How will the Government police knife crime during the pandemic?
Recently, there have been three startling murders in London that have made frontpage news. The question of police presence is brought up in relation to the unprovoked murder of 24-year-old David Gomoh in East London, whose father recently died of COVID complications. His mother has been a figure of strength in interviews, asking those who did this to come forward. The question is raised by his MP, who asks why policing resources are so limited and points out that the local police station was closed due to the pandemic.
Raab offers his condolences, and points to the entrenched figure of “20,000” police who will soon be deployed onto the streets, also asserting that financial resources are allocated to the police and it is their decision how they choose to use them. 20,000 police officers were lost during times of austerity, which means that they would in essence be appropriately replaced – there would be no significant strengthening, but a return to the number of police in 2010. The population has increased in that time, which means that number is not enough.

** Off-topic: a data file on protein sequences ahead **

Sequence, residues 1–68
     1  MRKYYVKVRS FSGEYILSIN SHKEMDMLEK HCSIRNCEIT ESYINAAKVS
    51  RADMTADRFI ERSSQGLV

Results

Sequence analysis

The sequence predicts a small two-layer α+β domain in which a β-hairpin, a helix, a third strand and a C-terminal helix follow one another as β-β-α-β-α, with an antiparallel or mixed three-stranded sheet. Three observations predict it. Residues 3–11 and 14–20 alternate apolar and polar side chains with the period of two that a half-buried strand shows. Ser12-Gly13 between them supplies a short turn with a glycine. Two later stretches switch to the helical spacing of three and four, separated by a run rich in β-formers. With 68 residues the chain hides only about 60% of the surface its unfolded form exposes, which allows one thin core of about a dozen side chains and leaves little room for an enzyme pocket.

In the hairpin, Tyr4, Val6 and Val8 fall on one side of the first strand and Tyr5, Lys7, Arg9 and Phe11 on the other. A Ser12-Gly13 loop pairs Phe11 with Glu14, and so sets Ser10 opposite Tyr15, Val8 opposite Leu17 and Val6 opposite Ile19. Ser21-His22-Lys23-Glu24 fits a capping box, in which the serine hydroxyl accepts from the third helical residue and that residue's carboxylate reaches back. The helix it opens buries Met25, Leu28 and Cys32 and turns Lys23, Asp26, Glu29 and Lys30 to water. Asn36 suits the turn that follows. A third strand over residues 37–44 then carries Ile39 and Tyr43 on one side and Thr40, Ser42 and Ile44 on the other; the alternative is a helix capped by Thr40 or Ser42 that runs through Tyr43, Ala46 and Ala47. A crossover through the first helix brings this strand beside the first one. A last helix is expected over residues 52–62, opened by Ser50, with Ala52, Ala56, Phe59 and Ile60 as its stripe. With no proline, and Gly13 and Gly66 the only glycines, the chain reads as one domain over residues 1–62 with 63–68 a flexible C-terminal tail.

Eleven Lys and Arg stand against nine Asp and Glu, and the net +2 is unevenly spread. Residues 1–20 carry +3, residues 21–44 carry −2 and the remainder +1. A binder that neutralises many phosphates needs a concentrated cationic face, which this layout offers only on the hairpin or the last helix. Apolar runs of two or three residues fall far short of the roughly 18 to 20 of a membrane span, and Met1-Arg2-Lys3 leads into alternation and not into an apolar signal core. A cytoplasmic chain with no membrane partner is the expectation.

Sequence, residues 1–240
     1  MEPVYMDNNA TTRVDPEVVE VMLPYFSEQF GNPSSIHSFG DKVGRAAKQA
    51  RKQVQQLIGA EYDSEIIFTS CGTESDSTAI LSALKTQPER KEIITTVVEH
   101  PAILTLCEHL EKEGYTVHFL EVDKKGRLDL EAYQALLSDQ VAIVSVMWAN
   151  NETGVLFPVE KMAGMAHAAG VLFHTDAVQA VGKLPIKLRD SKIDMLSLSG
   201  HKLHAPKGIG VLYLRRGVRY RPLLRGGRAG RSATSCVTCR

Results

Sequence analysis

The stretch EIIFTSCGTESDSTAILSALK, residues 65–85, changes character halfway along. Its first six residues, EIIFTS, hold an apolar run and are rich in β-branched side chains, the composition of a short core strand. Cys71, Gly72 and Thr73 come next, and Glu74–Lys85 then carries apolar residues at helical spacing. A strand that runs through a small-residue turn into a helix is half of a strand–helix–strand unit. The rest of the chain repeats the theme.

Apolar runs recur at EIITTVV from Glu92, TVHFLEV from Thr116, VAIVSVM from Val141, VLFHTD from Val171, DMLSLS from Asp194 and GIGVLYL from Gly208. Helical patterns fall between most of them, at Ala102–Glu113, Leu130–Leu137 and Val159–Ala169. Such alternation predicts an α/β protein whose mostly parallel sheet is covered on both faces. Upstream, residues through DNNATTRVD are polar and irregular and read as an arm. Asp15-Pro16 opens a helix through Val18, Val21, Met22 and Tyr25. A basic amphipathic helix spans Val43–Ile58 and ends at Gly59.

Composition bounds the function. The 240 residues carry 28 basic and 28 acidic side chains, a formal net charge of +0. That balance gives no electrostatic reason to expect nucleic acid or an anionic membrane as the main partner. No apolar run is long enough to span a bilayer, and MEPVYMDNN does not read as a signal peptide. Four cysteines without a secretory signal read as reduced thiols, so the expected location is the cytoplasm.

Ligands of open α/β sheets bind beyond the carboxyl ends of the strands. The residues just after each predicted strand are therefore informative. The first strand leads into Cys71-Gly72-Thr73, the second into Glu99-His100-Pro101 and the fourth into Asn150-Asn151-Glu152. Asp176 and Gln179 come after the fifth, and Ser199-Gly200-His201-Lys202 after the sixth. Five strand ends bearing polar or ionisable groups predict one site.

In addition, the current leader promises that “stop and search powers” will be expanded soon for use. He finishes by describing the MP as a “tenacious champion”, and we miss the MP’s reaction as the next Zoom participant is brought in.